Friday, May 11, 2012

Oakham, Rutland

Halls and horseshoes

There are ruined castles all over England and their walls and towers, fragmentary as they often are, give us quite a good idea of the ways in which medieval fortifications developed. But there’s one part of the castle that has often vanished completely: the main domestic building or hall.  In peace time the hall was the heart of the castle. It was a combination of dining room, reception room, office, and even bedroom. It would be built inside the castle walls so didn’t itself have to be heavily fortified.

There’s a magnificent hall at Stokesay Castle in Shropshire, but Stokesay isn’t a true castle – it’s a fortified manor house. What did the hall of a full-blown castle look like? One answer is found at Oakham where the castle’s hall has survived while the rest of the castle has disappeared. This hall is a magnificent aisled building, probably constructed in the 1180s or thereabouts, a spacious interior with two sets of four round arches separating the aisles from the central space. One can imagine Walkelin de Ferrers, the lord who held the castle in the late-12th century, presiding over banquets and meeting dignitaries in this large room, which, with its decorated arches and carved capitals is the last word in the domestic design of the period.

The capitals are especially beautiful. They are very similar to those in the choir of Canterbury Cathedral, which was remodelled between 1175 and 1185 under two notable masons called William – William of Sens and the man known as William the Englishman, to distinguish him from his French colleague. Perhaps one of the masons working for the Williams was called up to Oakham to design the hall and supervise its construction. The carved capitals, with their mouldings and leaf decorations, caught the light beautifully on the day I visited.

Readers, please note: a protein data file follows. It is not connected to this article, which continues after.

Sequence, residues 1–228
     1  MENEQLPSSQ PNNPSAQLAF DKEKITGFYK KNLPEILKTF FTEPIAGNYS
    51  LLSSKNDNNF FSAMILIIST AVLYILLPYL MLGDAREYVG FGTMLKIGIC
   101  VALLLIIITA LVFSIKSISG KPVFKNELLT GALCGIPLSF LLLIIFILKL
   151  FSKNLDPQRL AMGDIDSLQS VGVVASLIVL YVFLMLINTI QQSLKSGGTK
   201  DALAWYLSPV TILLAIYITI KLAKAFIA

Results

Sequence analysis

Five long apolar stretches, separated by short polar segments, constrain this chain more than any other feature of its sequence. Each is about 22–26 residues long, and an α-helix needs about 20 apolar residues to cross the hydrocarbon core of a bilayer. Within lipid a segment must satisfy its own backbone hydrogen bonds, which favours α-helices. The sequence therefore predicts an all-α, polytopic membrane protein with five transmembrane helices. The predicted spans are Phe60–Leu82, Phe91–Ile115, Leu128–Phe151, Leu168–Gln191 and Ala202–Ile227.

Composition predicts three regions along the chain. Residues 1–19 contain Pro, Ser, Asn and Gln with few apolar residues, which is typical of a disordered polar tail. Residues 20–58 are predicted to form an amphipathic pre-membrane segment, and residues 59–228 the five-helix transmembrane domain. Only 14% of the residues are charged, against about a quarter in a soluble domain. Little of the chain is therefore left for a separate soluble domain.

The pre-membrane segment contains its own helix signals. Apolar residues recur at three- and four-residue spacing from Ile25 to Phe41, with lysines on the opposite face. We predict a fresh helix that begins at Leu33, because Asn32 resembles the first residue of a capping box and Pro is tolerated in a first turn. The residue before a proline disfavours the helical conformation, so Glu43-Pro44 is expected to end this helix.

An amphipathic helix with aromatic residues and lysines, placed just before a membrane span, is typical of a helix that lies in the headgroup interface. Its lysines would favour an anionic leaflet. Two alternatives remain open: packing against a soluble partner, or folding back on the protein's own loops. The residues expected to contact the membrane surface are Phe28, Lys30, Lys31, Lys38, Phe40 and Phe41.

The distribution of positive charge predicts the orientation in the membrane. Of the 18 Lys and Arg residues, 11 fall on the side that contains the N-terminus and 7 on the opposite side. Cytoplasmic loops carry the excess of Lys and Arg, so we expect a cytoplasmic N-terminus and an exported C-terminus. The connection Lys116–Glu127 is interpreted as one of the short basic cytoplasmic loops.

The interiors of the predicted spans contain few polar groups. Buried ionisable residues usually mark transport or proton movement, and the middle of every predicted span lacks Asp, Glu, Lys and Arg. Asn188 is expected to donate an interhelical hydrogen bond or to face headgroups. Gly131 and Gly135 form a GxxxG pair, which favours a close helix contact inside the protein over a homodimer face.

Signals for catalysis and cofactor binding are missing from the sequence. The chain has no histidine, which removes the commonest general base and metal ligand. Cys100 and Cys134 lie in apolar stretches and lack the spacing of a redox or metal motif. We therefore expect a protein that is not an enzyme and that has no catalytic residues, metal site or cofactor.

The hall is also witness to an odd tradition. For centuries the Lord of the Manor of Oakham has required any visiting peer of the realm (or member of the royal family, they being members of the peerage too) to donate a horseshoe when first visiting the town. No one knows how this curious custom began, but it may have its origins in a pun on the name Ferrers (fer being the French word for iron, hence a farrier, one who shoes horses). The oldest horseshoe on the walls was given by King Edward IV in c. 1470, and the most recent come from current members of the royal family, such as the Prince of Wales. Odd as the ranks of overgrown ceremonial horseshoes look, there’s something fitting about this ancient building being the home of such a venerable and whacky custom.


Reggie Darling said...

I love the hugely-overscaled "horse shoes" on the walls of this Hall. Delightfully whimsical and wacky, indeed. And a well-needed alternative to swords and armaments, animal heads, horns, or tapestries, as is the more usual case for covering such rooms' enormous walls, I believe. Reggie

bazza said...

Philip, please forgive my ignorance but I had no idea that the kind of capitals shown in your photograph existed in England that early. Are they 'classical' in style or not and did renaissance architectural style always exist here in some form?
Click here for Bazza’s Blog ‘To Discover Ice’

Philip Wilkinson said...

Reggie: Thank you for your comment. I agree. Visiting castles with walls covered with swords and firearms becomes somewhat boring after a while if one is not an expert on ancient weaponry. It's not uncommon for me to say to my wife before we enter such a building that's new to us, 'I do hope the walls won't be full of old arquebuses.' The horse shoes, gilded overscaled, and decorated, are a joy.

Philip Wilkinson said...

Bazza: Thanks for your question. These are not exactly classical capitals, but certainly show a classical influence. Most of the surviving English buildings from this period have much plainer capitals, but occasionally these foliate ones appear in grand buildings. There was, I think, a deliberate looking-back to the grandeur of the Roman empire among some of the Norman rulers and their artists, and this sometimes rises to the surface in the form of this kind of semi-classical decoration.